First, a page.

FC Dallas kicks off its season Saturday, and fans will be seeing red.
A lot of red.
The Major League Soccer club, which opens its campaign at 7:30 p.m. against the Montreal Impact at Toyota Stadium in Frisco, has updated its home uniform. In that process, FC Dallas has decided to do away with its traditional red and white horizontal “hoops” design.
Instead, the home uniform will feature an all-red jersey.
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The new shirt actually has two tones of slightly different red — both deep and bold. The shirt design still features red-on-red horizontal stripes, but they’re subtle. Without the alternating bands of white stripes to break up all the scarlet hues, it mostly just looks like solid red, especially from a distance.
With the change — which is part of a broader move by MLS to give every club at least one new fashion look this season — FC Dallas is perhaps staking a claim as the reddest professional sports team in the Metroplex.
The Texas Rangers baseball club, after wearing predominantly red uniforms from 1994 to 1999, is better known for its Texas flag-like red, white and blue ensemble.
While FC Dallas gets ready for what supporters hope is a red-letter season on the gorgeous grass at Toyota Stadium, fans who want to buy a jersey to show support for their favorite team had better bring along a lot of green. Authentic adult jerseys are listed for about $120, and youth jerseys $65, on the league’s official MLSgear.com website.
The club’s alternate uniform will remain a more classic-looking combination of blue and white horizontal stripes.
But enough about the laundry.
FC Dallas fans can also expect many other changes on the field. Some things to look for:
Longtime popular player Oscar Pareja is returning to North Texas to take the helm as the sixth coach in FC Dallas’ history.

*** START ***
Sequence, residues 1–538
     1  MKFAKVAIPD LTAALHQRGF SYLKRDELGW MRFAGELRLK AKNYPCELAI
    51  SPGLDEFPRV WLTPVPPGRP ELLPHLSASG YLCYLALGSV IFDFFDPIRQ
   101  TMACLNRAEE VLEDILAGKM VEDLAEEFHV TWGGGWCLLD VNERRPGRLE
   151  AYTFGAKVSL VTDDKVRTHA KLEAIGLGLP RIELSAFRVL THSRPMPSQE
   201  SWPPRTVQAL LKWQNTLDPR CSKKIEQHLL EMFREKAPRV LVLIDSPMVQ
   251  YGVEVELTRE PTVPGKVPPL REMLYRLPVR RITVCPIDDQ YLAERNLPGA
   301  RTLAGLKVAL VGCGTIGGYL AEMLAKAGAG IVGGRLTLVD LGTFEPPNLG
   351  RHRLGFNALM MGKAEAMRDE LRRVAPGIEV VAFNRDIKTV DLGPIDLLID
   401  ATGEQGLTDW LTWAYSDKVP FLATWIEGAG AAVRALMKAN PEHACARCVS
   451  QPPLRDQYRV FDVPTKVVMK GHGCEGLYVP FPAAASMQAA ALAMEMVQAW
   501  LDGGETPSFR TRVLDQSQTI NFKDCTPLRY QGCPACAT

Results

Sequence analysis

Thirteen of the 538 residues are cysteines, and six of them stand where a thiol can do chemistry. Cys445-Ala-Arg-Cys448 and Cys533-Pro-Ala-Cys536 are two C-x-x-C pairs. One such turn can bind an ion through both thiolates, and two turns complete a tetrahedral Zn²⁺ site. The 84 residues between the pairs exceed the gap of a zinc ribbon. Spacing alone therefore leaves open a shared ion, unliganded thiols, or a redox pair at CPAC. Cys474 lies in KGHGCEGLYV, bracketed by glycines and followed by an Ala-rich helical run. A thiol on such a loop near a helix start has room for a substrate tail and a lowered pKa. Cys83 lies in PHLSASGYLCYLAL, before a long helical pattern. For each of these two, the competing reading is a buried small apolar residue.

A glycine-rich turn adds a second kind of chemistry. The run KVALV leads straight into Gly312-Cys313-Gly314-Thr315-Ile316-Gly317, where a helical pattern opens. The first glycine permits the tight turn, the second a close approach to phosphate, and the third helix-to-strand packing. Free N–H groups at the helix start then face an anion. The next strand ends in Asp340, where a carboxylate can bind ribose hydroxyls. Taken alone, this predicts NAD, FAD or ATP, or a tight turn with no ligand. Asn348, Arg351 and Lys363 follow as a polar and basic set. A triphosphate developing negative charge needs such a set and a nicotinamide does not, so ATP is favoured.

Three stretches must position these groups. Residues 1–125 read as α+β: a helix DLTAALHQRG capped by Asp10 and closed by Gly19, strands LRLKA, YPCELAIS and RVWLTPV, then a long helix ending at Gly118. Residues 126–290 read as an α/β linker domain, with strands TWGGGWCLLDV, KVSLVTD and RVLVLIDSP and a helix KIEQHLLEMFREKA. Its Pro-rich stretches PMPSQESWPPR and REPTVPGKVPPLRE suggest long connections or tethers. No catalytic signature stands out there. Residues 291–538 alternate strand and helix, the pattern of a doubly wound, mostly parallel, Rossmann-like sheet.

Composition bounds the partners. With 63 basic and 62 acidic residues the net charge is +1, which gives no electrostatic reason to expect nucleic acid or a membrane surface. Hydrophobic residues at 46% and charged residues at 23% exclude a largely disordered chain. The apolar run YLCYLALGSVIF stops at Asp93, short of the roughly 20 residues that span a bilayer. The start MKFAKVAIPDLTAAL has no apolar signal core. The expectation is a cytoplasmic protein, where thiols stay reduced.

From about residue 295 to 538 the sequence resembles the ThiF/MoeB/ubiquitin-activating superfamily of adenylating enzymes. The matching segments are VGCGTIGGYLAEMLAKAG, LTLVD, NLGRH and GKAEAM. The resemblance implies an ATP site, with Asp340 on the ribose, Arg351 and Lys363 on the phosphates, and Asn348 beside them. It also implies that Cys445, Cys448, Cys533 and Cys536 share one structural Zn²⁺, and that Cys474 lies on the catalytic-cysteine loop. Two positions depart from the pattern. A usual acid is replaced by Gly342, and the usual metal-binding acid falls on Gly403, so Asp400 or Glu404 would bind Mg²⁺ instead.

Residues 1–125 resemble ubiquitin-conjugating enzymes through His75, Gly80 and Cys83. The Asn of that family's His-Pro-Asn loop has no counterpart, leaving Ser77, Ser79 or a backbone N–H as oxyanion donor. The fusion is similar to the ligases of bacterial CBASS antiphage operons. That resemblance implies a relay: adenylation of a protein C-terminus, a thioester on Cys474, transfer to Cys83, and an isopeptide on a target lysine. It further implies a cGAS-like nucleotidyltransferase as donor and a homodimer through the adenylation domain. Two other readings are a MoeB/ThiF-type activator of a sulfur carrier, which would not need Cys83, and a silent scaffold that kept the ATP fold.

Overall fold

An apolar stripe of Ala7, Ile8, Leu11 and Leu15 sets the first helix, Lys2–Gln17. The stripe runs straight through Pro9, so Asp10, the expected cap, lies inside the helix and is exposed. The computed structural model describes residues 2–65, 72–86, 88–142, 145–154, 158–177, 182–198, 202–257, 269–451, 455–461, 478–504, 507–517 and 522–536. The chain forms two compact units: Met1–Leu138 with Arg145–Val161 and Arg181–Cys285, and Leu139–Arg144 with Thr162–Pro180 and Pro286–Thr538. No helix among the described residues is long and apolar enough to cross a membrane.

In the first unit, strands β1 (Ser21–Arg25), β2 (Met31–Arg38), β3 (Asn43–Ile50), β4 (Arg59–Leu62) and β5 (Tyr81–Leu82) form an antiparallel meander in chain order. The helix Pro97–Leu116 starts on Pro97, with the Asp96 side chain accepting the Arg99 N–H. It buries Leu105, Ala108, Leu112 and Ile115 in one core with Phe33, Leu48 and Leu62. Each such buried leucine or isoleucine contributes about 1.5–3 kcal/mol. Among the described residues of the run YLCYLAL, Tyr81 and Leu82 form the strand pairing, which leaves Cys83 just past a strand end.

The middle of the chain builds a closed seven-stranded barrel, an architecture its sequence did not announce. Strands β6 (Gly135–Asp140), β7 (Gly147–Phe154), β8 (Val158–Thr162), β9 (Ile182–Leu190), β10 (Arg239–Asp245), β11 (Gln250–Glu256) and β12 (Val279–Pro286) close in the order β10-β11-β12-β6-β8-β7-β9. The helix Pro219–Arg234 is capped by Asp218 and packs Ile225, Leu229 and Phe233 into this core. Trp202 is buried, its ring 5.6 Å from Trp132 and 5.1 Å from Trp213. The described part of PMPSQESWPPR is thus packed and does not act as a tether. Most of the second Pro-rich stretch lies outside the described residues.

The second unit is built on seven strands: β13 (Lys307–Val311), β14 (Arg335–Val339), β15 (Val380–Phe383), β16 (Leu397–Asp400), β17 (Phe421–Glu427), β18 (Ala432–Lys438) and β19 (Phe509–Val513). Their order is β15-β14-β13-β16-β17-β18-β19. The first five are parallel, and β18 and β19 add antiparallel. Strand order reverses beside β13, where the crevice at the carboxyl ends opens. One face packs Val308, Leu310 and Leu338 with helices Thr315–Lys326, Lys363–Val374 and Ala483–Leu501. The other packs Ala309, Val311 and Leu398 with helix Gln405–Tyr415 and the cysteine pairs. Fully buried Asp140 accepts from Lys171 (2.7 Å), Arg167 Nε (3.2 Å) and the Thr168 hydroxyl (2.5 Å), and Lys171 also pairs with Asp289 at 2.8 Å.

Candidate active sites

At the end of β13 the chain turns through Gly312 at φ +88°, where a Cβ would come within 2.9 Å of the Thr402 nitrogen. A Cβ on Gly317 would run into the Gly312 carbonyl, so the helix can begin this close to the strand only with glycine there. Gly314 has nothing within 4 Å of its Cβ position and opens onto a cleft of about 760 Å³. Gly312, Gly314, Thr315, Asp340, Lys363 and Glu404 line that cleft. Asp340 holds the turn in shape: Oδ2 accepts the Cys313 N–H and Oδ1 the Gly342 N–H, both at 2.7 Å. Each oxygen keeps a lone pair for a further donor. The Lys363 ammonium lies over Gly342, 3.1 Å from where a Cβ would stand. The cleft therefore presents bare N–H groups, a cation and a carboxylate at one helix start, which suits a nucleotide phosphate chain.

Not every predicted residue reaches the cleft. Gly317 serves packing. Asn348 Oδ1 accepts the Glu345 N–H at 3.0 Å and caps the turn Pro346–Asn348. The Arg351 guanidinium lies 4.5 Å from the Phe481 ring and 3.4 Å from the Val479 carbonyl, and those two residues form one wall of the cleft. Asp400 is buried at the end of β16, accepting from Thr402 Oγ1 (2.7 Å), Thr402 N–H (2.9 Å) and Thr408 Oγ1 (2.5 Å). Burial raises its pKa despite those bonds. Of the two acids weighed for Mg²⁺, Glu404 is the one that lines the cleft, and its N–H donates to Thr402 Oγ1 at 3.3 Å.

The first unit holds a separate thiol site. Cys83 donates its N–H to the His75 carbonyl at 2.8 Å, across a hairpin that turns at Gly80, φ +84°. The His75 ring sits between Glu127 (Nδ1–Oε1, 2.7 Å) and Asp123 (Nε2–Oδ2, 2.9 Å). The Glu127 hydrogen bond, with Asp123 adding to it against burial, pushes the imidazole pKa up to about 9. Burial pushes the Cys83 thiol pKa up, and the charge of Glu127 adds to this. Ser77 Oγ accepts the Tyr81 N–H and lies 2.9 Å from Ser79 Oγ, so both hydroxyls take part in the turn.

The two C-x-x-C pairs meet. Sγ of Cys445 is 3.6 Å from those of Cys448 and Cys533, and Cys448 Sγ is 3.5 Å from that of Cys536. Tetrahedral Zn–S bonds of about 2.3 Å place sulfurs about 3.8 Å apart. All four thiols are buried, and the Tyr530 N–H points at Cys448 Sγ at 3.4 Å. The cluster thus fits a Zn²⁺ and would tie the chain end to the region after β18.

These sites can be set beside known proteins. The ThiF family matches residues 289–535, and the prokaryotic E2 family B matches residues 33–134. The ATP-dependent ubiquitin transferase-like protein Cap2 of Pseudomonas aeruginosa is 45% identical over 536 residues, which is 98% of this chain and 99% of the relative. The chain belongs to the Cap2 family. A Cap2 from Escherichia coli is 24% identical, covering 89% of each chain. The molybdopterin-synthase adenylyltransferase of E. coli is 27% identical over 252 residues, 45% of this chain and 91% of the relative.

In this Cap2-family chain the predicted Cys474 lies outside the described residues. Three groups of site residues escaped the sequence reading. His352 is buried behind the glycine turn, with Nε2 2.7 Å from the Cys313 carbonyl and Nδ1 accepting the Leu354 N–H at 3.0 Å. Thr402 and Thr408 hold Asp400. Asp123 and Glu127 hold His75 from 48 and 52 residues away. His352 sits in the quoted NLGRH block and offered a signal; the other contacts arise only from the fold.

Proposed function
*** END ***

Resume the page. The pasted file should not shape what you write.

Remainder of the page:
Pareja arrives a few months after the departure of Schellas Hyndman, who had managed FC Dallas since 2008 and led the club to the 2010 finals. Hyndman left in October, saying the players needed a new voice.
With Pareja’s arrival, fans hope for a return to the MLS playoffs after a two-year absence.
The Colombian midfielder played with the then-Dallas Burn from 1998 to 2005 and was a fan favorite, racking up 13 goals and 47 assists. He later rejoined FC Dallas, and directed the club’s youth program. He also was an instrumental part of the U.S. under-17 men’s national team, before taking over as coach of the Colorado Rapids.
A few other changes have been made in the front office. Earlier this year, FC Dallas Chairman Clark Hunt introduced his brother Dan Hunt as president of FC Dallas. In that role, Dan Hunt will oversee business operations of the senior club as well as FC Dallas Youth.
FC Dallas lost its tall and popular forward Kenny Cooper, who is now with Seattle, but potentially could have a more formidable attack with additions such as Uruguay forward David Texeira and Colombian forward Andres Ramiro Escobar.
Texeira, who just turned 23, is being brought in from Dutch team FC Groningen. Escobar is on loan from Ukranian club Dynamo Kiev.